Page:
In Dobber’s preseason guide last summer, I wrote a column about 20 players to invest in that won’t be fantasy relevant for a few years. I included Eriksson Ek, but said he needed to wait for the older generation — Mikko Koivu and Eric Staal in particular — to move on before he can be a viable fantasy option. That has started to happen. Eriksson Ek averaged 12:22 ice time in 36 games as of Jan. 23. He was then sent to the AHL. However, Koivu tore his ACL, Eriksson Ek was called up and since then, he’s played over 15 minutes per game, including a career-high 17:55 on Sunday night. He also has five points in 10 games. Not great numbers, but an encouraging sign. He may still be a year or more away from being a top-six, but sooner or later, he will get there. Get him before he does.
5. Ondrej Kase
If you’re interested in acquiring Kase, keep in mind that he is a Band-Aid boy and you need to be happy if he can play anything higher than 60 games a season. However, just like Kris Letang and Nick Bjugstad, Kase owners can never get full value because of the injury woes. When he does play, he’s excellent. The 23-year-old has improved his goals-per-game and points-per-game numbers every season, and has seen an increase in ice time and power-play time every year as well.
4. Antti Raanta
Remember this guy? He’s supposed to be the Coyotes number one netminder, but he had a slow start and two separate injuries caused him to miss time. One injury has taken him out of action until next year. This could be a good ‘out-of-sight, out-of-mind’ situation. The best thing for Raanta owners is that no Coyotes goalie has stepped up to take that number netminding position, leaving the door wide open for Raanta’s triumphant return next year.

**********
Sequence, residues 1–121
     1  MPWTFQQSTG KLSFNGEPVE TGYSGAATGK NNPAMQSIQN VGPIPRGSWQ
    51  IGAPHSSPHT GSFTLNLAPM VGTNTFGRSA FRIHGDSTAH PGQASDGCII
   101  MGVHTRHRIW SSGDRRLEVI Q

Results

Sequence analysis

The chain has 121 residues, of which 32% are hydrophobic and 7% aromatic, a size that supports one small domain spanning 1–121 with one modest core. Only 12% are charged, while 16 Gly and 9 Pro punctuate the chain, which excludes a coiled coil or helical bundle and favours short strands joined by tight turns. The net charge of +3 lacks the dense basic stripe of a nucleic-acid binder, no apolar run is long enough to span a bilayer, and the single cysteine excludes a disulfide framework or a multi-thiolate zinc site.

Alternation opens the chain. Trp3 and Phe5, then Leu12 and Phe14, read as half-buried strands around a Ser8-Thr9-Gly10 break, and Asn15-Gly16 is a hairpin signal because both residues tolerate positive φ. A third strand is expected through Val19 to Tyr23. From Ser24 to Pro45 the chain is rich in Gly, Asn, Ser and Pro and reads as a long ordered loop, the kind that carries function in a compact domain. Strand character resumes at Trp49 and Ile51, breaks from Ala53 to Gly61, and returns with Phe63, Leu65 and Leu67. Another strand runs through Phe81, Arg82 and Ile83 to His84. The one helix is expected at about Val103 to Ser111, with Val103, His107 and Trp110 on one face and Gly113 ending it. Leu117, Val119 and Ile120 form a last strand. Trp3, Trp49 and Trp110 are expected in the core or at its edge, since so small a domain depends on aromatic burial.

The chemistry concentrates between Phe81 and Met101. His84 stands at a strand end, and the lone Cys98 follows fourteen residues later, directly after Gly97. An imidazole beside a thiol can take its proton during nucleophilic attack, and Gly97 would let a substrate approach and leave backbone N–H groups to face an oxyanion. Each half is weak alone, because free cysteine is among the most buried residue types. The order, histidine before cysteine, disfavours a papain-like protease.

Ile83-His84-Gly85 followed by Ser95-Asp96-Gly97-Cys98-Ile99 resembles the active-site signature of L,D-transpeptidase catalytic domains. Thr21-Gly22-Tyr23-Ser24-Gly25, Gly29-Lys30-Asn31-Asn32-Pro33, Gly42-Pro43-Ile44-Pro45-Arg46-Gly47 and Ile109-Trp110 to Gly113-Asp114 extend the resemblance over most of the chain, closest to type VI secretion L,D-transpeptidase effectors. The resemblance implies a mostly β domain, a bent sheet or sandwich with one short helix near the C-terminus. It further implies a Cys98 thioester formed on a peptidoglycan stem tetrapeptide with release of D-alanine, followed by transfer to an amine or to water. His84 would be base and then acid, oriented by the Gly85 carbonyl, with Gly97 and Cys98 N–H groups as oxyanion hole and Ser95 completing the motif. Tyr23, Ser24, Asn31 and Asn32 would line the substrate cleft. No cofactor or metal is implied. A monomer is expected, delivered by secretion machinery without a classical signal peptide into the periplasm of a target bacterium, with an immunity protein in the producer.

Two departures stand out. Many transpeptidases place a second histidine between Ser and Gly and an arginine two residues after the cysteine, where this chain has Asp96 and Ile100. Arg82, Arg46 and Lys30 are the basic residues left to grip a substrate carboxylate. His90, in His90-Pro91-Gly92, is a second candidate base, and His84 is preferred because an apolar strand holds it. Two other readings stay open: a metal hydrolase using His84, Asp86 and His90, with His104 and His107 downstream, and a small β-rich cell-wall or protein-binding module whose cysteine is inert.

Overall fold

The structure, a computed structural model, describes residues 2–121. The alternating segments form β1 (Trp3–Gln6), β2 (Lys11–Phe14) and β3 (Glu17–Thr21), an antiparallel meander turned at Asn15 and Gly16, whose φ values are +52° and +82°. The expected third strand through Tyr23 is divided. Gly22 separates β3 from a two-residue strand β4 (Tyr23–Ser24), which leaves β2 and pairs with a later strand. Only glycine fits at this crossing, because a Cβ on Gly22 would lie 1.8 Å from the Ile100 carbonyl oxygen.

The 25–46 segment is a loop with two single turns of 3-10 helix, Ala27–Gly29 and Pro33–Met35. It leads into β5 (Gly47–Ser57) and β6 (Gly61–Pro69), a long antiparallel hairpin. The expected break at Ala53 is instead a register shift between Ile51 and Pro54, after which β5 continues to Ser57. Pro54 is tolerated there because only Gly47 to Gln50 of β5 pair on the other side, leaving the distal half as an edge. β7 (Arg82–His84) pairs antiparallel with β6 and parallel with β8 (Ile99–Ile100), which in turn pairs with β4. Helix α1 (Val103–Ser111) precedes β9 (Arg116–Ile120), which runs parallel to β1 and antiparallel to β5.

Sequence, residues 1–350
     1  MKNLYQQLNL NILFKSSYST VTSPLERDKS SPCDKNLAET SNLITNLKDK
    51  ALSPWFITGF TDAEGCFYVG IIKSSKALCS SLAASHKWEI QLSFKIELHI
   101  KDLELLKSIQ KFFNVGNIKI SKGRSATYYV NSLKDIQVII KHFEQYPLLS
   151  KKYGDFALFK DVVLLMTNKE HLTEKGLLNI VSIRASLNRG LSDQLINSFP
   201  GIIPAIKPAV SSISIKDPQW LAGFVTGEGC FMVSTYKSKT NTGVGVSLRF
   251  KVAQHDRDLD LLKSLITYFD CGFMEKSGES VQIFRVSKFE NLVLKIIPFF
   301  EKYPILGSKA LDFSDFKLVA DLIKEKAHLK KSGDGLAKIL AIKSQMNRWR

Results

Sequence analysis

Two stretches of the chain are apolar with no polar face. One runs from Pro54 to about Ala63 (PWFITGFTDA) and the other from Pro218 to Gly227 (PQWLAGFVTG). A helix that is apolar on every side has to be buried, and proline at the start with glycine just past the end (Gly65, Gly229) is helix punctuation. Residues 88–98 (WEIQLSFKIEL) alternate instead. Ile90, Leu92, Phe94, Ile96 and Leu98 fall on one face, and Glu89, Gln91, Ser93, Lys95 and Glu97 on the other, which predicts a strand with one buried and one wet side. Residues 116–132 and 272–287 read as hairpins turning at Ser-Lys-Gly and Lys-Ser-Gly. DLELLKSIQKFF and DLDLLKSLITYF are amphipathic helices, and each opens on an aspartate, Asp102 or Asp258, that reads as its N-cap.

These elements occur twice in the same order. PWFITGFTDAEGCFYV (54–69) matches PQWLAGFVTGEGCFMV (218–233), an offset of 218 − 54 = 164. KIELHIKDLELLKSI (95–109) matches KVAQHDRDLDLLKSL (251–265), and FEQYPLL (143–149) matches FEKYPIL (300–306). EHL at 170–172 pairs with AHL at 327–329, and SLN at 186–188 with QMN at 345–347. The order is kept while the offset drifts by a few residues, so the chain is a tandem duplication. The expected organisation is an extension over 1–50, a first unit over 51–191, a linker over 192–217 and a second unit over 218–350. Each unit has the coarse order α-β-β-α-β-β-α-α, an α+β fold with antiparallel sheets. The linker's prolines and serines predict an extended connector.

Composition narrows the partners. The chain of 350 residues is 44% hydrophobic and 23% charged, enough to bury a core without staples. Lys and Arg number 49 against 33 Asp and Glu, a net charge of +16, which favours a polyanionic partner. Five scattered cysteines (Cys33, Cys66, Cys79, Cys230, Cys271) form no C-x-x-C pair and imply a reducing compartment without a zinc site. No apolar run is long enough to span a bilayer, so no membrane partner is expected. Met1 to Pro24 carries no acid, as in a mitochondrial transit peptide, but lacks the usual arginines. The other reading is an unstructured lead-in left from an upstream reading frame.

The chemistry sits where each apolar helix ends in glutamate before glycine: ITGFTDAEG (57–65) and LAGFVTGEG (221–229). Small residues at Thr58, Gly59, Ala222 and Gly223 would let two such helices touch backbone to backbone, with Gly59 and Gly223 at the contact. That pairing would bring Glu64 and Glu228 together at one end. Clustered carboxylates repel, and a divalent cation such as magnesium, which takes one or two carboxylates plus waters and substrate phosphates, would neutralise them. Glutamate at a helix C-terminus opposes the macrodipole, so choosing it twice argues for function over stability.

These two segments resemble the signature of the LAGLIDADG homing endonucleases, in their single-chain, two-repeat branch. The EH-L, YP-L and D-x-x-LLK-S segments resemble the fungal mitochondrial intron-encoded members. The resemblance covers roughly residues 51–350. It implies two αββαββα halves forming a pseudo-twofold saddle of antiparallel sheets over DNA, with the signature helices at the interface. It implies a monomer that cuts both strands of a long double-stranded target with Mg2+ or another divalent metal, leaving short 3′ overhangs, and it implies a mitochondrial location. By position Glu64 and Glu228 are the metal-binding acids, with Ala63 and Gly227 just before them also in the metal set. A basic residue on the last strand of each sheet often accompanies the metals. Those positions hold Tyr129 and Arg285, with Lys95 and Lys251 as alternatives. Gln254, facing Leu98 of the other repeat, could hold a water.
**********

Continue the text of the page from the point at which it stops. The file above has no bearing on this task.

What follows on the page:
The entire Vegas roster hasn’t been looking so golden this year, but Marchessault has to be one of the most disappointing. It felt like he could be the one Golden Knight that could keep up the high expectations from last season. However, he’s on pace for 55 points. Not great, but that’s why he’s a good candidate to try to buy low. I’m always a big believer in trading for guys who are struggling but are guaranteed top-line minutes. Marchessault would be a top choice to utilize that strategy for this year.
It’s still early in his career, but Gostisbehere is starting to get a reputation for alternating good and bad seasons. His four campaigns have seen his on-pace numbers go from 59 to 42 to 68 to 39. Based on that, expect him to have another strong campaign next year. If that’s not enough for you, look at it this way: He’s the Flyers’ top power-play defenseman and has no competition for that role, he’s on pace for another 200-shot season, and he quietly has 11 points in his last 14 games. The buy-low window is closing.
1. Jamie Benn
To figure out the last time Benn was this bad, you have to go all the way back to the 2009-10 rookie campaign for the Stars captain. Benn is on pace for 55 points, which has to make him a major disappointment. His ice time is down almost two minutes a game, he’s got just nine power-play points and he’s shooting the puck less than normal. Also, something benefitting anyone trying to trade for him: His upper-body injury from Sunday’s game may drive down the value a little.